This is sort of another plug for Ed Zaccaro, but also an observation about language and dignity in the context of math.
I posted a while back about Ed Zaccaro’s Challenge Math series, which I think was written for kids who needed more than the classroom could provide, but also seems to work well with kids with all sorts of different relationships with math.
This week I was surprised when one of the eight year-olds I work with asked specifically if we could work in the Zaccaro book. I’d done a quick bit of one page with her once before, and she was OK with it, but tends to balk at anything she has to stop and think about, anything that requires reading as the Zaccaro problems do. This is not because she doesn’t like to read or isn’t a good reader. She is. But as a math student, she tends to balk at reading. We’d mostly been working on quick little problems I’d chosen for the purpose of letting her see that she is more capable when it comes to math than she has learned to believe.
She leaned right in as soon as I opened the book in front of her. She remarked on the illustration of the large sweating ants and then started reading the first problem on the page. She sped through three in a row, understanding exactly what the problems were asking for and doing much of the computation in her head. This is exactly what she doesn’t do when she’s interacting with her Pearson pages from school (which, as far as I can tell, were written and issued very quickly after the Common Core standards went into effect). She’s constantly choosing operations that don’t fit the situations in the word problems.
I’ve been frustrated with the language of many of these problems ever since the materials were issued, but in watching this child with the Zaccaro problems, I realized something new about how they are tripping kids up. The Pearson word problem language is often ambiguous, which is terribly troublesome in the context of math, but it’s also just plain dull. For kids who are readers, accustomed to sentences written with care and intention, poorly written problems are not just potentially confusing. They’re an insult to the sensibilities of the literate child. The literate person.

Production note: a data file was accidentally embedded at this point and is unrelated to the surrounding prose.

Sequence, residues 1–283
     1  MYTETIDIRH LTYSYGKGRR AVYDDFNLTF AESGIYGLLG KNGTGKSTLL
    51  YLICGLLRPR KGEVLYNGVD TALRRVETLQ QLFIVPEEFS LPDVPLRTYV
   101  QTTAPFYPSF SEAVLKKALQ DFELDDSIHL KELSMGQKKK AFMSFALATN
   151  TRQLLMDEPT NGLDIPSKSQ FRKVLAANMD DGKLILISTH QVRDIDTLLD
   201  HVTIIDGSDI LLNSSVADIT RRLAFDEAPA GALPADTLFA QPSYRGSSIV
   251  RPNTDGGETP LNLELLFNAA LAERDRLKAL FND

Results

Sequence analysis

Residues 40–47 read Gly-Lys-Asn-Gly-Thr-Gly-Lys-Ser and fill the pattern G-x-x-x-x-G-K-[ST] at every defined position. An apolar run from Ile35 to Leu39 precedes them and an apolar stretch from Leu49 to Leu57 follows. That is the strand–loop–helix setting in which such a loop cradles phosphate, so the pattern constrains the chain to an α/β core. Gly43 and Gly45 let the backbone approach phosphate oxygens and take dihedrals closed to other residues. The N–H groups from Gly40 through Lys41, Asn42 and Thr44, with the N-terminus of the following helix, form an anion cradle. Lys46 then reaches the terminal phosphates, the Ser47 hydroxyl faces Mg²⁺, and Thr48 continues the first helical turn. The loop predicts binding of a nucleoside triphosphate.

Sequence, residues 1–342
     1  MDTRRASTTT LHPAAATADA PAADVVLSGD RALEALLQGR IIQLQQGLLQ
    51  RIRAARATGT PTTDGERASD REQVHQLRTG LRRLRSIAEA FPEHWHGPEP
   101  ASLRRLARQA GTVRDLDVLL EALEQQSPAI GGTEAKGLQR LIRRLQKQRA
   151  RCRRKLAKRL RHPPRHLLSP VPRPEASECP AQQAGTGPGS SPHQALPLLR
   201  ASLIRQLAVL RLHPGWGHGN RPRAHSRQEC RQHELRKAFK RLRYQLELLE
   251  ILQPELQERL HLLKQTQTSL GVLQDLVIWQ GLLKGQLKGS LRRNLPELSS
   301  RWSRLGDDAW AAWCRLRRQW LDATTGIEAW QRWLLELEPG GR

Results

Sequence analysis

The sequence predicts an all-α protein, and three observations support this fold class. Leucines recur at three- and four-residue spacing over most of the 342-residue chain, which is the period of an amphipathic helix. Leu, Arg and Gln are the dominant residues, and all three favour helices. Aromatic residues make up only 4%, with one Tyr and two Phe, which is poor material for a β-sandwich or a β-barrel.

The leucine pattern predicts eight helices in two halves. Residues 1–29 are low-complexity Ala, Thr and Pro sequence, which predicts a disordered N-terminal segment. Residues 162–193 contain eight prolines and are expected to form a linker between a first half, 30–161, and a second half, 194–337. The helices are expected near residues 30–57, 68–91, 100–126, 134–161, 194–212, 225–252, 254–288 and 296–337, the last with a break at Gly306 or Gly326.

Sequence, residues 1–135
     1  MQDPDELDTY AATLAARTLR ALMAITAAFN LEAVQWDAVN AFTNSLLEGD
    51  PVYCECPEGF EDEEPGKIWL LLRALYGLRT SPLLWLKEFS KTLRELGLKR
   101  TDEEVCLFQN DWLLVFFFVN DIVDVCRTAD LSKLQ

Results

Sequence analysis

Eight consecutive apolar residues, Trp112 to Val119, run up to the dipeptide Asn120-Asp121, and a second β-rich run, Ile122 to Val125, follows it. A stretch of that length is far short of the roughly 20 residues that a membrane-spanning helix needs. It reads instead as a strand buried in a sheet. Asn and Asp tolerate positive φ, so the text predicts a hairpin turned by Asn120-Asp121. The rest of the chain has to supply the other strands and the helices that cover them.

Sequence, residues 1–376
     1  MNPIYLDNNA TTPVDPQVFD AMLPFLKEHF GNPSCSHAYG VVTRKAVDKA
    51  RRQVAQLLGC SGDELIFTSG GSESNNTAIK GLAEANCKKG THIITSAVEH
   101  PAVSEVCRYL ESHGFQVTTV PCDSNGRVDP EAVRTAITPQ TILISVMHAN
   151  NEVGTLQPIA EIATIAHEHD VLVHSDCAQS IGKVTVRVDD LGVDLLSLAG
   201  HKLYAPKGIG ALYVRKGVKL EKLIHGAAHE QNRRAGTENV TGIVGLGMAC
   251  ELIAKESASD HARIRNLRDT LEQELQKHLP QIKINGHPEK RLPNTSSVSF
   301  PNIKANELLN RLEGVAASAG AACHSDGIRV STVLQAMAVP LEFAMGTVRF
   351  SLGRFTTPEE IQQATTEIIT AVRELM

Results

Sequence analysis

I realized that what this student has been doing with her classroom math work is to scan each word problem and attempt to match it with a procedure. If it looks like the kind of problem for which one should divide, she’ll divide. If it looks like you have to trace your finger across the table shown and fill in a number according to a pattern, she’ll do that. No matter that often the problem is asking for something slightly different. In order to notice that, she’d have to subject herself to the agony of reading the dull text slowly. As a result, her actual ability and number sense is obscured. In a situation in which the reading is in and of itself engaging, she is freed up to think fluidly and flexibly about what there is to do with the numbers.
What the Zaccaro book does for her (that the Pearson book does not) is offer something. That sounds too simple to matter, but I don’t think it is. An offering concerns itself with presentation and connection, free of attachment to result. It is the fundamental unit of authentic human exchange. It says “Here. This is for you to have and use if you choose.” It grants dignity, agency, autonomy. In the course of our deep but desperate commitment to educate, we’ve moved away from offering toward mandate and decree, often undermining our ability to pass on what there is of useful knowledge and skill to our young.
The good news is we can resume a culture of offering any time we want.